BY LOUISA CORNELL
The story of the Darley Arabian starts in a place featured often on news stories today. He was born in 1700 in the Syrian desert outside of Aleppo. Sheik Mirza II bred the magnificent bay colt and in 1704 the British Consul, Thomas Darley, offered to buy the horse for 300 gold sovereigns. At some point, the sheik decided he could not bear to part with the colt and sent emissaries to Darley to renege on the deal. Darley, however, was not to be denied. He arranged to have the colt acquired and smuggled out of the country by way of Smyrna. Thus it was, with instructions sent ahead to Darley’s brother, Richard, at the family seat at Aldby Hall, Darley’s newly acquired prize landed in England.
Darley informed his brother the horse’s name was Manak, a descendant of the Muniqui line of Arabians, known for their speed and endurance. Manak’s breeding years spanned 1706 until 1719 and he is said to have covered (bred with) few outside of Darley’s mares. He did, however, produce quite a few great runners. One of the colts he produced out of a non-Darley mare was Childers. Childers, foaled in 1715, was out of a mare owned by Leonard Childers of Cantley Hall in Doncaster. The horse was later purchased by the Duke of Devonshire and became known as Devonshire Childers. His most well-known name was Flying Childers, and he was considered “the fleetest horse trained in this or any other country.”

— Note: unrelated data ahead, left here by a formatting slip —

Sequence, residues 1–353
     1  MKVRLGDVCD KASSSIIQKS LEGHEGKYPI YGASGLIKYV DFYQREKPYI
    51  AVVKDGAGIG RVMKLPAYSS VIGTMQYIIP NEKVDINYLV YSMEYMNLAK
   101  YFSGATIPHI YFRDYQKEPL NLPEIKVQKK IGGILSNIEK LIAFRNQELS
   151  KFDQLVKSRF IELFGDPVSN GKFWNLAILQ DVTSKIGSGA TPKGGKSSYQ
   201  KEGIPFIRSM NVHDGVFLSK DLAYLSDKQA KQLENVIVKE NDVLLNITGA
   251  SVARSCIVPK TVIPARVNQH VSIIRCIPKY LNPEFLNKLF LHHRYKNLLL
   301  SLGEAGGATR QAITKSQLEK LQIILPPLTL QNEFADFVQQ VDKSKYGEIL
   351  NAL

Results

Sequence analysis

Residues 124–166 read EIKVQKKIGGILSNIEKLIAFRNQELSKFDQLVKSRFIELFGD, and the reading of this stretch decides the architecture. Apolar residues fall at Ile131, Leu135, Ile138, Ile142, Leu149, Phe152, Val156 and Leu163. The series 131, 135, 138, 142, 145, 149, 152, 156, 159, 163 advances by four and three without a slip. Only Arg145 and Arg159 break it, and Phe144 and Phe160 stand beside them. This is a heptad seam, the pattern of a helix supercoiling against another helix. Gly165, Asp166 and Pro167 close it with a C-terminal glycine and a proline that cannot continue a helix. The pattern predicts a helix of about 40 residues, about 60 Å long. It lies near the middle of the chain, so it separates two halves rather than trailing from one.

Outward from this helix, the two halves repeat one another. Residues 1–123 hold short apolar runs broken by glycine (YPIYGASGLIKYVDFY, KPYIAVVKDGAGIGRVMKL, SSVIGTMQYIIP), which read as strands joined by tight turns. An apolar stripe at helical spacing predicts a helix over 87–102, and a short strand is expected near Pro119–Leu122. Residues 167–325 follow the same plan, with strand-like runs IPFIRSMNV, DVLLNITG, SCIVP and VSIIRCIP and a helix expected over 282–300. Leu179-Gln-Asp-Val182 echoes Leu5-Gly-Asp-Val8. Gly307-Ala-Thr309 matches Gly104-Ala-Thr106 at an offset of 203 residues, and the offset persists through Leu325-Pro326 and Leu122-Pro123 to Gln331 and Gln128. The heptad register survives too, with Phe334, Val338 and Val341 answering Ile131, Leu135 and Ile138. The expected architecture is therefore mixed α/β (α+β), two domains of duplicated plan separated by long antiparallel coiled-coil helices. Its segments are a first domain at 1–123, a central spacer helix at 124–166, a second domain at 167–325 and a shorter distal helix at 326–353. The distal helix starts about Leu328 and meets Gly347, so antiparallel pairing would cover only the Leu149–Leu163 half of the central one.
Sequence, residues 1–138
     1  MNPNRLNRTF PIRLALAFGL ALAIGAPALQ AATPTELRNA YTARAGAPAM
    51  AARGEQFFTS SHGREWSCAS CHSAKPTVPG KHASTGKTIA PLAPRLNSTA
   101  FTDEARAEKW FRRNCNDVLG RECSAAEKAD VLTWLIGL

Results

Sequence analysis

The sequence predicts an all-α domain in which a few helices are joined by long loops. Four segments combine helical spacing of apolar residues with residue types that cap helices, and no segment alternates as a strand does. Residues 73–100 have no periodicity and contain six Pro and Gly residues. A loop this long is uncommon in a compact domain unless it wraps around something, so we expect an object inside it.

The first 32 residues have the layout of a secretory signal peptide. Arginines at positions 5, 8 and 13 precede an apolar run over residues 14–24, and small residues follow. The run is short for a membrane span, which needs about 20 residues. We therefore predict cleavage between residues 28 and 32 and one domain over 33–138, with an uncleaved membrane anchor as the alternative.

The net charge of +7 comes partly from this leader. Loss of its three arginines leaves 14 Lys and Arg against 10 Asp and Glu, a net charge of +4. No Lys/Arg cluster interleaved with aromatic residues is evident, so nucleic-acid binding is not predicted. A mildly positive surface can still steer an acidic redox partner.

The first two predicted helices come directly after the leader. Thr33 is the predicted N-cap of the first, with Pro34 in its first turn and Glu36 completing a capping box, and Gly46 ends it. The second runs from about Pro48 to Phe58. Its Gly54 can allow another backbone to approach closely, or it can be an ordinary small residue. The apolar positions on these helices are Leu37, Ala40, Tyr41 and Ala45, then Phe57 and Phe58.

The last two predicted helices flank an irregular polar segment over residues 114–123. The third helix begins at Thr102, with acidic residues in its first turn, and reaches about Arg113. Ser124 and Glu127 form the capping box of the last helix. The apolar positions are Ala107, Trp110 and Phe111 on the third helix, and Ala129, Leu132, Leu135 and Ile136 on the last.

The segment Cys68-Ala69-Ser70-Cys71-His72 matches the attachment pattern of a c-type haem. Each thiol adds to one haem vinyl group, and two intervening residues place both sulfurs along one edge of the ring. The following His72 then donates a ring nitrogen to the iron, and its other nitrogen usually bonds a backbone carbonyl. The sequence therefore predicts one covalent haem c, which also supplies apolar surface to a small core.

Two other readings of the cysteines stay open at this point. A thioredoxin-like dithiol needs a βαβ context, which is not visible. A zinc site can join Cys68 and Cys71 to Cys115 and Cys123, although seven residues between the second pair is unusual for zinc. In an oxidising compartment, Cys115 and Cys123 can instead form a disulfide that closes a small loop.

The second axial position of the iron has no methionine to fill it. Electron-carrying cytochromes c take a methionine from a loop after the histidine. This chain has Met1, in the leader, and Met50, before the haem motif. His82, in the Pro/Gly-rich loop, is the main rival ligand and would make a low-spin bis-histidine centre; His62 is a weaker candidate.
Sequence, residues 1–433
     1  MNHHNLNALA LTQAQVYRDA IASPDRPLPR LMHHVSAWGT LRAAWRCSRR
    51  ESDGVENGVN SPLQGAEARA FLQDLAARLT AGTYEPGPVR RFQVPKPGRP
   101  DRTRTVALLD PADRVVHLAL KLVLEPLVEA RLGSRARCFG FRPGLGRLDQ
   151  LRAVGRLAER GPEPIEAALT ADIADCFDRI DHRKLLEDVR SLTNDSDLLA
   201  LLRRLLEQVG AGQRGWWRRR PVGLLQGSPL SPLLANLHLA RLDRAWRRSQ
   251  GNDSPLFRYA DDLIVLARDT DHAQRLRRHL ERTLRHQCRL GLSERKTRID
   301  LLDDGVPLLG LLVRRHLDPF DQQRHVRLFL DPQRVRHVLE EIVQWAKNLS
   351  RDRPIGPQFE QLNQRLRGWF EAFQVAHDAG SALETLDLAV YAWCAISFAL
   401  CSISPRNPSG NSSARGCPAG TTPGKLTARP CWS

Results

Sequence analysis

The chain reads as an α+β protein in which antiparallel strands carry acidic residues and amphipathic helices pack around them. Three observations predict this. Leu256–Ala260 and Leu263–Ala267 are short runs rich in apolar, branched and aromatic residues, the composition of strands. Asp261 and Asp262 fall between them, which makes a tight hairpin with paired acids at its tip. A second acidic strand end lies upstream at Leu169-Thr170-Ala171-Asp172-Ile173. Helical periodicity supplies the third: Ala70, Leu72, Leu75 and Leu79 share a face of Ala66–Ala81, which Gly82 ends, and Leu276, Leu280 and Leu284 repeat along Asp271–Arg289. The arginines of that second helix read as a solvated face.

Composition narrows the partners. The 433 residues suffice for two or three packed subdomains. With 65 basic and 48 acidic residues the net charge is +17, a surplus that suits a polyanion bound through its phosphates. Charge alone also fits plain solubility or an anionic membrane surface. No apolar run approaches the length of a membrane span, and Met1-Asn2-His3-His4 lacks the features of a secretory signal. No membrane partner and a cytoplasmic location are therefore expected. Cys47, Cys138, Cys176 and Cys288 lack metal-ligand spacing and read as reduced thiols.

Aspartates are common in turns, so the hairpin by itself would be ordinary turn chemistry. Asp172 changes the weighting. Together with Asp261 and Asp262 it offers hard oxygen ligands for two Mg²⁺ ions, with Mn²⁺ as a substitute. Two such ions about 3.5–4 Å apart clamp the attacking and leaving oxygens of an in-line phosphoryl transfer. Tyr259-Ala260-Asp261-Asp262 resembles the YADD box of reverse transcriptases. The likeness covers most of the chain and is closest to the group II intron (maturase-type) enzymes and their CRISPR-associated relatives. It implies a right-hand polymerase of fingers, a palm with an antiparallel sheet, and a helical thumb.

Flying Childers continued his father’s line through his son Blaze. Blaze’s son Old Shales was an important trotting sire and is considered the foundation sire of the Hackney breed. Blaze’s great grandson, Messenger, became the foundation sire of the American Standardbred.
The Darley Arabian sired a colt foaled in 1716 known as Bartlett’s Childers. Whilst this colt, for reasons of health, never raced, he became a great stallion for his owner, Mr. Bartlett. Barlett’s Childers stood at stud at Nutwith Coate in Yorkshire. He sired a number of first rate runners, but it was his son, Marske, who went on to sire the great horse, Eclipse, that insured Bartlett’s Childers’s place in racing history.
The Darley Arabian spent his entire life at Aldby Hall and lived to the ripe old age of 30 years, old for any horse, and especially for one during this era. With a bit of larceny, kidnapping, and smuggling the little bay foal born in the tents of the Bedouins of Syria ended his days in the green fields of England. And his legacy lives on in the racing horses, not only of England, but of the world.